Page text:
A perfect example of an avant-garde band whose most subversive work (to these ears) adapted pop principles is Pere Ubu. Cloudland, my favorite album of theirs, was remastered with bonus tracks a few months ago, after being out of print since the early nineties. Singer David Thomas, gargling and spitting atop producer Stephen Hague’s glistening mix, is especially ghoulish in this context. No way is this as epochal as “Final Solution,” but there’s something to be said about Thomas doing his addled-John Goodman routine over “True Faith” wannabes like “Love Love Love.”

Anyway, I don’t often like to post YouTube clips, but this performance of Cloudland‘s Modern Rock chart hit “Waiting for Mary” (a Top Ten!) on David Sanborn’s “Night Music” has to be one of the most spectacular dadaist spectacles I’ve ever seen. With Deborah Harry on background vocals, Sanborn on sax, and Philip Glass somewhere.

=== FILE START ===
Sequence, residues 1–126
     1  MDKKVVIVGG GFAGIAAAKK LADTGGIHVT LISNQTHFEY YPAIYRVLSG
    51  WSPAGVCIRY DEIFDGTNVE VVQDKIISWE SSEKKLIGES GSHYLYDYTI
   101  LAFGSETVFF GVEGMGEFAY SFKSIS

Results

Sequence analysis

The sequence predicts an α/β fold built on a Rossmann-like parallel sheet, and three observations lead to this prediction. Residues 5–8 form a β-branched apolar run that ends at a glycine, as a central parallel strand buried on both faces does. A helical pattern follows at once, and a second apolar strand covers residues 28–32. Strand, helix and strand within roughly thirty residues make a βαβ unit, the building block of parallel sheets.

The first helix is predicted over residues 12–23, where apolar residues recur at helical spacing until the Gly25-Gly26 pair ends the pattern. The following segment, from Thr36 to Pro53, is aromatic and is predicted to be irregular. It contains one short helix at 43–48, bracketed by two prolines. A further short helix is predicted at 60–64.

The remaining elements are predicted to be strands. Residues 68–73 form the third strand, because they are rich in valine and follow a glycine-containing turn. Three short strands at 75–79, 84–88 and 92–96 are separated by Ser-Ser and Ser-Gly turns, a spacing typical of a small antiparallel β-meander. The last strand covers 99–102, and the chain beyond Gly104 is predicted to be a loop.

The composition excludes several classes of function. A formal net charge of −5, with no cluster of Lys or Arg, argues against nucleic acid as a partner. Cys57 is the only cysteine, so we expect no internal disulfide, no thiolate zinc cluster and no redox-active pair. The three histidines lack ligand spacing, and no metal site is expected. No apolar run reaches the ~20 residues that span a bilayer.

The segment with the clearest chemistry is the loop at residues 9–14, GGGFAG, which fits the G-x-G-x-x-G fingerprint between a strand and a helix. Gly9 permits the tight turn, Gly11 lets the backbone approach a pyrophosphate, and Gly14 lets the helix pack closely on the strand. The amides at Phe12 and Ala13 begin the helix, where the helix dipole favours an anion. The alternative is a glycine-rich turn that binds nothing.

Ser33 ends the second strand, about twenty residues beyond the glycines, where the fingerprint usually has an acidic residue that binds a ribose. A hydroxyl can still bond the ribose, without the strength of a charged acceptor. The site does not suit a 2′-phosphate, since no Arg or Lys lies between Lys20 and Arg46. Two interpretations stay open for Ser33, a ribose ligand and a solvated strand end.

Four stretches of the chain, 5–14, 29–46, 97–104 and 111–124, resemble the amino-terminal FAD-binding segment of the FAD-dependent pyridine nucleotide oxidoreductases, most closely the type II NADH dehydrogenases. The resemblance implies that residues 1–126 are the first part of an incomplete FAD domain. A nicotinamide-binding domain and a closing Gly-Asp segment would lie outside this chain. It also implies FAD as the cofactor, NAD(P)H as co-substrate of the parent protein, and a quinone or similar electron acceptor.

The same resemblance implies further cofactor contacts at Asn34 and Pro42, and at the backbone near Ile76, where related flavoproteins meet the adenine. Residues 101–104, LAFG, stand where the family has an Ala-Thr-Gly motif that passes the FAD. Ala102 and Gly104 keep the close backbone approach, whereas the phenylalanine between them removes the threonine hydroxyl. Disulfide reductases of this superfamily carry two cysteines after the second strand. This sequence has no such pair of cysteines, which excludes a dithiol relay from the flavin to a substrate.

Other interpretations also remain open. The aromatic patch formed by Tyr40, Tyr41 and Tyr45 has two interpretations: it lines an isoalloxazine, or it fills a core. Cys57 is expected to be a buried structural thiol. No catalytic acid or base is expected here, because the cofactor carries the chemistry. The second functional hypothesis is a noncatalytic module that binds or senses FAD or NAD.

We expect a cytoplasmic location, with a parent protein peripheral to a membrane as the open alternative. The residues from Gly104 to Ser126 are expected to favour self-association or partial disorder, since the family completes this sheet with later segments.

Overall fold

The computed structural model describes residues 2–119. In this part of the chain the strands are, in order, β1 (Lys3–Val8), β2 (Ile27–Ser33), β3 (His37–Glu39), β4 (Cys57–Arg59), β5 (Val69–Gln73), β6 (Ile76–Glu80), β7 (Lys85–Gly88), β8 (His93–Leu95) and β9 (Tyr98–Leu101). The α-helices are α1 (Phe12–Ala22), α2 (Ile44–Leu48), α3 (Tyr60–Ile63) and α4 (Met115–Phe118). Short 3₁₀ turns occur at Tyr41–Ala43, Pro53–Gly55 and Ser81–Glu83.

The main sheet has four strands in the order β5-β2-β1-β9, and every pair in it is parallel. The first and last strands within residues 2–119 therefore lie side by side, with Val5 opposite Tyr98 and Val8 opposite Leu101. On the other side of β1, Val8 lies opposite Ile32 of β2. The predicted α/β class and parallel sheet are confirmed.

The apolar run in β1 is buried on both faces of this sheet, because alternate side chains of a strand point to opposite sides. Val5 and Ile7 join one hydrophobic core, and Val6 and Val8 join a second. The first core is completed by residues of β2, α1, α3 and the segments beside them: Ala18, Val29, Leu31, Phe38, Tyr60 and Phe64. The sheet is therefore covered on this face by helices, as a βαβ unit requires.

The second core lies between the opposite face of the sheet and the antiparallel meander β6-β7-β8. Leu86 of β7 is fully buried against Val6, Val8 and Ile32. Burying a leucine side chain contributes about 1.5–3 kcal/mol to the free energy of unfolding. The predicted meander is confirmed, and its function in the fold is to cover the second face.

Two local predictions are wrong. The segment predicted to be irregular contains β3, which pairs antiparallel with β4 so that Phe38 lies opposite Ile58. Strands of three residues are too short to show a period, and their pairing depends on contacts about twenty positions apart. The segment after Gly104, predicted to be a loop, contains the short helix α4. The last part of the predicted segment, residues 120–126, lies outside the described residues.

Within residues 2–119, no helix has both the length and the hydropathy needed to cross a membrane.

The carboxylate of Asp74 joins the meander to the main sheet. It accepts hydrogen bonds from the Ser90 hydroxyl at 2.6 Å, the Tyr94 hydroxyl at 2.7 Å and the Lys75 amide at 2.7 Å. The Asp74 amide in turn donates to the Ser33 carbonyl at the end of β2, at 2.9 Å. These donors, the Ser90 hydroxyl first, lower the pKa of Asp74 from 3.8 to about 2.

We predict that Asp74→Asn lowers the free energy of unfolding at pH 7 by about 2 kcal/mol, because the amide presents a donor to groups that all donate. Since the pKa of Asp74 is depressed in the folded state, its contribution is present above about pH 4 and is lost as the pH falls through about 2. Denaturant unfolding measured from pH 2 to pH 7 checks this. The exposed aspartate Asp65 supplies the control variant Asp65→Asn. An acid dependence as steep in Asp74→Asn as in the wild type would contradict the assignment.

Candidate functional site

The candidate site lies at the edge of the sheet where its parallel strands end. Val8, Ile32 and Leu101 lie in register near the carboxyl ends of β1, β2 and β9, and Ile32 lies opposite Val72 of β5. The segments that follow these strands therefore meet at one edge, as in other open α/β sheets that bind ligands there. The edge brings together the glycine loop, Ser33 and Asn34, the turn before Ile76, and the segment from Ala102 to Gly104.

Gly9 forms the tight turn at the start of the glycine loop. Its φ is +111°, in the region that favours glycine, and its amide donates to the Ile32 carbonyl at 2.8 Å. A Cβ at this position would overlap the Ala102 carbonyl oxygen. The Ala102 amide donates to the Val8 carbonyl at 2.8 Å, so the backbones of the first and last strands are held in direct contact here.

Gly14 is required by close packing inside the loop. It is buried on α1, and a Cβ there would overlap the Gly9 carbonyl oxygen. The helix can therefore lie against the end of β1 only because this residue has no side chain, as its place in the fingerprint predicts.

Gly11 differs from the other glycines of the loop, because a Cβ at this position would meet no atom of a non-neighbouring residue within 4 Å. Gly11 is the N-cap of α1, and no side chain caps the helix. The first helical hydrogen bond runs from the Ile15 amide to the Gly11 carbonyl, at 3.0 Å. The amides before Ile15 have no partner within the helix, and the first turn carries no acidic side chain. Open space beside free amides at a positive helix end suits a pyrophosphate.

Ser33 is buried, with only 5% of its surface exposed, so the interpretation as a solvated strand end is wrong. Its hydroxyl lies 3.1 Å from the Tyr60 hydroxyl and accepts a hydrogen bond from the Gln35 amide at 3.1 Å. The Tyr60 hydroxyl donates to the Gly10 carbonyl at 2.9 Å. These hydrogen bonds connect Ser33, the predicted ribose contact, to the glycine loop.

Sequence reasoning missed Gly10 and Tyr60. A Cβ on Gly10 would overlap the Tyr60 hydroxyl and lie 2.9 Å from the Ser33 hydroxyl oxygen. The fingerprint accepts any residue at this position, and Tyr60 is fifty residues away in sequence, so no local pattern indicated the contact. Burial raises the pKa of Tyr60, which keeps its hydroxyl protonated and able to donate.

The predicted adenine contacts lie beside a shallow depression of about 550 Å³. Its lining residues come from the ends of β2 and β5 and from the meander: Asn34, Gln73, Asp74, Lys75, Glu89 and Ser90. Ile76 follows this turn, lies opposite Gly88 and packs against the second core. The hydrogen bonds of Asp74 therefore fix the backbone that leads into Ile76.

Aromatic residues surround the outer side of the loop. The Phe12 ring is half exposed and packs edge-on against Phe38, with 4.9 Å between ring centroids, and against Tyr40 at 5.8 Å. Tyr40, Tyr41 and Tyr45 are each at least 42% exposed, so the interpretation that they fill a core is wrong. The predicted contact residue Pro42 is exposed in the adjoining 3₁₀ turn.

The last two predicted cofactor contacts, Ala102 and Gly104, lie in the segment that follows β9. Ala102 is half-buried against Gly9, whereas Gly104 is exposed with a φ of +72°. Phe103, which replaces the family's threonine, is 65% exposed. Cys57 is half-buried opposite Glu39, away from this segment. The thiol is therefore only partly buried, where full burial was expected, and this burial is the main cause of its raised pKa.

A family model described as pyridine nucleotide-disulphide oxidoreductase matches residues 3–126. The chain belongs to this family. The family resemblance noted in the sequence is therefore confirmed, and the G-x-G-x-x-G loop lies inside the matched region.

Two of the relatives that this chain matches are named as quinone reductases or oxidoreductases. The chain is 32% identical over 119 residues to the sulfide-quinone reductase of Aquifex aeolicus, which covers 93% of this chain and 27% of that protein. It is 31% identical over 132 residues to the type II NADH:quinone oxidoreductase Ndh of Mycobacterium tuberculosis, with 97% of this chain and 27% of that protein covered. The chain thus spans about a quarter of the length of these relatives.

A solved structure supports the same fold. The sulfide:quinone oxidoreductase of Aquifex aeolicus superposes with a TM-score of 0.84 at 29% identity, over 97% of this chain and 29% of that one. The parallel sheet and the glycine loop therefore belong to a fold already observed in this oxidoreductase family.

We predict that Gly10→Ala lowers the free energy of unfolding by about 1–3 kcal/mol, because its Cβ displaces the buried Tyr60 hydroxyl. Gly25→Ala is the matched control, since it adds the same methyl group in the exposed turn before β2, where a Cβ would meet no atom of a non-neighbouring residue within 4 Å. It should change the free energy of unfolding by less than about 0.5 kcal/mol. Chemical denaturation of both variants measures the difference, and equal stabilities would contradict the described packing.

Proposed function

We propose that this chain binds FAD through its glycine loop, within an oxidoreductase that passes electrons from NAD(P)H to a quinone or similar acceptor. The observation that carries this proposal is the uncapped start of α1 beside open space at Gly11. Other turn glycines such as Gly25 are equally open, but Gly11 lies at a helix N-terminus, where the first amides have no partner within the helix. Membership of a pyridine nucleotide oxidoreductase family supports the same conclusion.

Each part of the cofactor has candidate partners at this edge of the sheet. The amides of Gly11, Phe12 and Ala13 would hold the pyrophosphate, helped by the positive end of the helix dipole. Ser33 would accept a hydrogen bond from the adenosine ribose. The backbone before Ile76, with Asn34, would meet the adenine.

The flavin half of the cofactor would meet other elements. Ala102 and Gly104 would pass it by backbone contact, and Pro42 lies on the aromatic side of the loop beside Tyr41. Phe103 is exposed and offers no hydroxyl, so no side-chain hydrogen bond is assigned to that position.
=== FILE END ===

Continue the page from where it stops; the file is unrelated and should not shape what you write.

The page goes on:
A perfect example of an avant-garde band whose most subversive work (to these ears) adapted pop principles is Pere Ubu. Cloudland, my favorite album of theirs, was remastered with bonus tracks a few months ago, after being out of print since the early nineties. Singer David Thomas, gargling and spitting atop producer Stephen Hague’s glistening mix, is especially ghoulish in this context. No way is this as epochal as “Final Solution,” but there’s something to be said about Thomas doing his addled-John Goodman routine over “True Faith” wannabes like “Love Love Love.”

Anyway, I don’t often like to post YouTube clips, but this performance of Cloudland‘s Modern Rock chart hit “Waiting for Mary” (a Top Ten!) on David Sanborn’s “Night Music” has to be one of the most spectacular dadaist spectacles I’ve ever seen. With Deborah Harry on background vocals, Sanborn on sax, and Philip Glass somewhere.